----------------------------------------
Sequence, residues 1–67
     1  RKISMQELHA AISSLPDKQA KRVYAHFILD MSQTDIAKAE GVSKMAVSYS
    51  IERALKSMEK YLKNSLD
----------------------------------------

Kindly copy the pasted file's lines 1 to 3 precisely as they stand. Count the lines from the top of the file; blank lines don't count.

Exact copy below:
Sequence, residues 1–67
     1  RKISMQELHA AISSLPDKQA KRVYAHFILD MSQTDIAKAE GVSKMAVSYS
    51  IERALKSMEK YLKNSLD